Simone Weil, a French philosopher, once said “attention is the rarest and purest form of generosity.”
How often do you have your smartphone in your hand, checking a text or an email and you say to the person you are with, “Keep speaking, I’m listening”?
Our modern world constantly distracts us with instant messaging, Facebook messaging, Twitter, email, texting, Instagram, and so many other forms of distraction. We’ve become addicted to multi-tasking. Work, family, and personal time is no longer divided instead it is integrated, constantly connected, setting expectations that you are always “on” and ready to engage with whomever and whenever. Even the new connected watches allow you to read your messages while on a run, checking time, or waking in the middle of the night to quickly check your messages.
I can’t authentically engage or be genuinely present with anyone if I am not giving my 100% undivided attention. And I’m positive the person I’m with also feels I am not giving them my 100%. Yet with so many of my colleagues and friends we’ve defaulted into this “constantly disrupting me is ok” mode. If we look back 15 to 20 years this wasn’t the case. The rise in popularity of smartphones and connected devices has changed our culture. We sit in meetings either in person or while on calls, at restaurants, with our children or family, or with friends and we let our attention be drawn to the multiple distractions. We don’t hold each other accountable for our commitment to the present moment.
By doing so not only do we undermine the productivity of the the conversation or the ability to genuinely connect but we send a message that other things are more important. At work this tells our colleagues it is ok to have suboptimal meetings. We do this at the risk of not fully understanding a problem because we don’t give it our full attention to dissect it and view it through multiple lenses. And worse, we define suboptimal solutions or none at all.
With our children the impact is even greater…more psychological and we risk scarring them emotionally. We send our kids a message that someone or something else is more important than them every time we check our smartphones.
So here are some strategies for undivided generosity. Note this is as much a lesson for me as anyone else.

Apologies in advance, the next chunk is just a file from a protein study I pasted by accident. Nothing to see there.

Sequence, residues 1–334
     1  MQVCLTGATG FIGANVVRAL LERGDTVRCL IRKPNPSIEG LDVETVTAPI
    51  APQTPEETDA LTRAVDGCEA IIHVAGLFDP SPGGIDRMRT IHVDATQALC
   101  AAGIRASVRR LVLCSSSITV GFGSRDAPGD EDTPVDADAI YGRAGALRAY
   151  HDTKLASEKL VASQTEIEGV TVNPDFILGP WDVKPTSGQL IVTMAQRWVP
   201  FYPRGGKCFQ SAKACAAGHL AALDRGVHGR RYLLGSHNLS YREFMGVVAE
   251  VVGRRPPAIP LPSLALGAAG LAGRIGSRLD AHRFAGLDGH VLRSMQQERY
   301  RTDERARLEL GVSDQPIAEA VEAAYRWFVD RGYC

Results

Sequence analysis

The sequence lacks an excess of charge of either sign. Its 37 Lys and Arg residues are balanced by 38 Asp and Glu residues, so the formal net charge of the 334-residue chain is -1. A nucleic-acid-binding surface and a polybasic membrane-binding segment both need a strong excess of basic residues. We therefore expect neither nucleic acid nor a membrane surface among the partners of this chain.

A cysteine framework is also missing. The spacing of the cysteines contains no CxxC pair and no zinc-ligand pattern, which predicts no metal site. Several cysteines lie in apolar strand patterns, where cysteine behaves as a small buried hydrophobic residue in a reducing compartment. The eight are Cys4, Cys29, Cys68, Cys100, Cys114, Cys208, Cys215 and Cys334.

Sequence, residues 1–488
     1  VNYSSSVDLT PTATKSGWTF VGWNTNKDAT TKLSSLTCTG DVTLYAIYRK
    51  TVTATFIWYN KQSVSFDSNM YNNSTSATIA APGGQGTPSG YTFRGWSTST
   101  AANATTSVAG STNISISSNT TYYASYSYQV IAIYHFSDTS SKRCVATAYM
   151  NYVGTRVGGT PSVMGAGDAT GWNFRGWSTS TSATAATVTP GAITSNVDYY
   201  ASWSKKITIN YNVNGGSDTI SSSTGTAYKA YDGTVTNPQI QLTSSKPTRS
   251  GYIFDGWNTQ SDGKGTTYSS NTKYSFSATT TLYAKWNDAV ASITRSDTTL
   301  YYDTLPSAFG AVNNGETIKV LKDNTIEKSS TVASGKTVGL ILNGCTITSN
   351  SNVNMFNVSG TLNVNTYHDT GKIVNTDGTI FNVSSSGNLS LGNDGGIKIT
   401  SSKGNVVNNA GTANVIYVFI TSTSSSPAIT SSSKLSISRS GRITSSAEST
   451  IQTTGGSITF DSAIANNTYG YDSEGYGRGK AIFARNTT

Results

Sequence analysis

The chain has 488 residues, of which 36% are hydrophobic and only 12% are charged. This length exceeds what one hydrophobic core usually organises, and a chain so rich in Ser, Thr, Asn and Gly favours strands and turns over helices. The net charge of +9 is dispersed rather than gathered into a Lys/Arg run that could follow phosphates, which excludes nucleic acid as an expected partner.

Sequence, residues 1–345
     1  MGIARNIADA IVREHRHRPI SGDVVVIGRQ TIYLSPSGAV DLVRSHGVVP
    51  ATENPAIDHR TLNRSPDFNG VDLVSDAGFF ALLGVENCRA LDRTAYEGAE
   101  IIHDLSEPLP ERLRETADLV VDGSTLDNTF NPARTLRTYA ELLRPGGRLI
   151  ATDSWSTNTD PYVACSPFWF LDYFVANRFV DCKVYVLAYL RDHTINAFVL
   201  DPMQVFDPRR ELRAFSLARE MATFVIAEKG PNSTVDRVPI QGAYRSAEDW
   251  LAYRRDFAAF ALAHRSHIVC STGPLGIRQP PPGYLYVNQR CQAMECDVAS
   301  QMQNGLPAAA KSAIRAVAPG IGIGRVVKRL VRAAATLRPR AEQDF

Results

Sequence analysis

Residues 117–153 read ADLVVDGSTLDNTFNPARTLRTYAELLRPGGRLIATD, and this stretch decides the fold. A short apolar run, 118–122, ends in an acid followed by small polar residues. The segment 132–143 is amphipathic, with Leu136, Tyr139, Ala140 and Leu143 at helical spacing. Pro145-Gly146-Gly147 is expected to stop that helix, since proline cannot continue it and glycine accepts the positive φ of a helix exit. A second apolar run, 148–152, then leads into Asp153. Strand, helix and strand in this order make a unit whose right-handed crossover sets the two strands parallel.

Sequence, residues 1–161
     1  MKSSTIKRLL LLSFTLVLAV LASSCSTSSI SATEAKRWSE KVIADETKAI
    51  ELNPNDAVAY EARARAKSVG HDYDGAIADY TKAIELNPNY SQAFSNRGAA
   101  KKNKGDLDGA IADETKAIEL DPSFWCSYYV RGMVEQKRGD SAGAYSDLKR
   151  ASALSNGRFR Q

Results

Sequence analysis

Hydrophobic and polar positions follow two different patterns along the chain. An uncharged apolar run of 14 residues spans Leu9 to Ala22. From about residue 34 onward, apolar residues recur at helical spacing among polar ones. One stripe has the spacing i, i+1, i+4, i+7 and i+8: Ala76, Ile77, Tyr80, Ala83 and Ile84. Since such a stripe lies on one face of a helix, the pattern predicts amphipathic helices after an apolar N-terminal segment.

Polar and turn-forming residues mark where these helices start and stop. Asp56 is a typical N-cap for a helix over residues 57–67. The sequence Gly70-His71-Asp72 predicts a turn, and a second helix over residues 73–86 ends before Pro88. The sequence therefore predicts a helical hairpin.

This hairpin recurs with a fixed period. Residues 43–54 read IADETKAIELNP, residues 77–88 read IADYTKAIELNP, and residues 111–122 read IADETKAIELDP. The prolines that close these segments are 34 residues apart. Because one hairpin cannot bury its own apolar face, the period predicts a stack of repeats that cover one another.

Walk while you talk. I can’t sit at my desk during conference calls. Invariably I am drawn to instant messaging or emails and end up missing core elements or important points. So when called upon to comment I may look silly or contribute a point that has no relevance or doesn’t help move the conversation forward. In the past few years I started walking while on calls, especially while on one to one calls. I use my mobile phone and earphones and put my phone in my pocket and walk. I ignore the chimes of emails coming through as I walk. A few weeks ago I looked at my step counter after an hour call and discovered I had walked nearly 3 kilometres by simply pacing up and down a hallway at the office. Not only do I give and get the most out of a conversation I also keep my body moving. I often take calls at home while wearing a weighted vest and turn a conference call into a small workout. I’ll pace in circles between the dining room and the living room. If I do this a few times a day I really feel it in my legs by the evening. More importantly, I feel like I’ve had productive calls and progressed key issues or genuinely helped someone.
Keep your phone in your jacket. At the start of a meeting people show up and put their phone on the table sending a clear message they made need to take a call or respond to a chime. When meeting with customers or partners we have an unwritten rule where the phones stay off the table. However, with our colleagues and families we keep our smartphones in full sight at all times. I need to start leaving my phone in my jacket pocket or in my briefcase for meetings and turn off the ringer.
Set Smartphone free family time or meetings and adhere to the rule. Either have the smartphones kept in the office and not brought into the meeting room at all or while at home leave the smartphone at the front door. If a colleague comes to the meeting with their phone ask them to take if off the table.
Pay a penalty for checking your smartphone during a meeting or at a meal. I once saw a stack of phones at a dinner table. No one was allowed to touch their phones and if anyone checked their phone during the meal they would have to pay the bill for everyone. Only once the meal was over and the bill arrived were they allowed to check their smartphones.
Ultimately, this is your own decision and you need to find the discipline to give your 100% to the meetings you attend or to your children and family. While strategies may help, you have to decide that you will put them into practice.
Note, this is more of a lesson for me. Hopefully, you can find some wisdom in here as well. Please share any strategies you have for putting a stop to our multi-tasking suboptimal culture.
Maybe we can start giving everybody our undivided generosity!
Updated: Here is a link to relevant Podcast where CBC’s The Current host, Anna Maria Tremonti interviews Sherry Turkle on her new book Reclaiming Conversation, The Power of Talk in the Digital Age.